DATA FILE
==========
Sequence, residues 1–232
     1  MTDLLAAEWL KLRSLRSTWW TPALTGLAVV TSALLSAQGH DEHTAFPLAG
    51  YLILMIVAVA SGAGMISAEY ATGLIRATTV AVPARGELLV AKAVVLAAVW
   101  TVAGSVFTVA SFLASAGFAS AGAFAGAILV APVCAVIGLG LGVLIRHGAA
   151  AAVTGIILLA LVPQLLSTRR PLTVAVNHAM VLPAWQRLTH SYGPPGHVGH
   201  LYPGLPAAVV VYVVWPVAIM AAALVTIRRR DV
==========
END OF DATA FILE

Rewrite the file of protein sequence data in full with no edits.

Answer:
Sequence, residues 1–232
     1  MTDLLAAEWL KLRSLRSTWW TPALTGLAVV TSALLSAQGH DEHTAFPLAG
    51  YLILMIVAVA SGAGMISAEY ATGLIRATTV AVPARGELLV AKAVVLAAVW
   101  TVAGSVFTVA SFLASAGFAS AGAFAGAILV APVCAVIGLG LGVLIRHGAA
   151  AAVTGIILLA LVPQLLSTRR PLTVAVNHAM VLPAWQRLTH SYGPPGHVGH
   201  LYPGLPAAVV VYVVWPVAIM AAALVTIRRR DV